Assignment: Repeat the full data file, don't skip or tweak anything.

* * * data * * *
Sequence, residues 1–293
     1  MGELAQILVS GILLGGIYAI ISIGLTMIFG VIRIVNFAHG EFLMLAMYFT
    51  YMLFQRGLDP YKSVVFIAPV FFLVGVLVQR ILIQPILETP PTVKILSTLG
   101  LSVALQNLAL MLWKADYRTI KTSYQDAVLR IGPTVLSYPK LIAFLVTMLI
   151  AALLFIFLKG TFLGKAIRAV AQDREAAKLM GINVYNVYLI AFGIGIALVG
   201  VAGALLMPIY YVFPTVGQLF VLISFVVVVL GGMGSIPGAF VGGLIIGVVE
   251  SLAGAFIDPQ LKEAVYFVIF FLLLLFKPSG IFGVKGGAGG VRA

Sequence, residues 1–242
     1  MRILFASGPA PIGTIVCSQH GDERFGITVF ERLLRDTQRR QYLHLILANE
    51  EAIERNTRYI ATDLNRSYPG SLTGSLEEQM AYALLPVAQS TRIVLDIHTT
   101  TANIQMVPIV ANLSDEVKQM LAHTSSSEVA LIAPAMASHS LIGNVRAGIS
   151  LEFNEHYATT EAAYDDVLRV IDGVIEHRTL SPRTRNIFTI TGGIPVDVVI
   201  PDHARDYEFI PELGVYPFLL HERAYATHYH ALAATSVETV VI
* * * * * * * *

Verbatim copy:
Sequence, residues 1–293
     1  MGELAQILVS GILLGGIYAI ISIGLTMIFG VIRIVNFAHG EFLMLAMYFT
    51  YMLFQRGLDP YKSVVFIAPV FFLVGVLVQR ILIQPILETP PTVKILSTLG
   101  LSVALQNLAL MLWKADYRTI KTSYQDAVLR IGPTVLSYPK LIAFLVTMLI
   151  AALLFIFLKG TFLGKAIRAV AQDREAAKLM GINVYNVYLI AFGIGIALVG
   201  VAGALLMPIY YVFPTVGQLF VLISFVVVVL GGMGSIPGAF VGGLIIGVVE
   251  SLAGAFIDPQ LKEAVYFVIF FLLLLFKPSG IFGVKGGAGG VRA

Sequence, residues 1–242
     1  MRILFASGPA PIGTIVCSQH GDERFGITVF ERLLRDTQRR QYLHLILANE
    51  EAIERNTRYI ATDLNRSYPG SLTGSLEEQM AYALLPVAQS TRIVLDIHTT
   101  TANIQMVPIV ANLSDEVKQM LAHTSSSEVA LIAPAMASHS LIGNVRAGIS
   151  LEFNEHYATT EAAYDDVLRV IDGVIEHRTL SPRTRNIFTI TGGIPVDVVI
   201  PDHARDYEFI PELGVYPFLL HERAYATHYH ALAATSVETV VI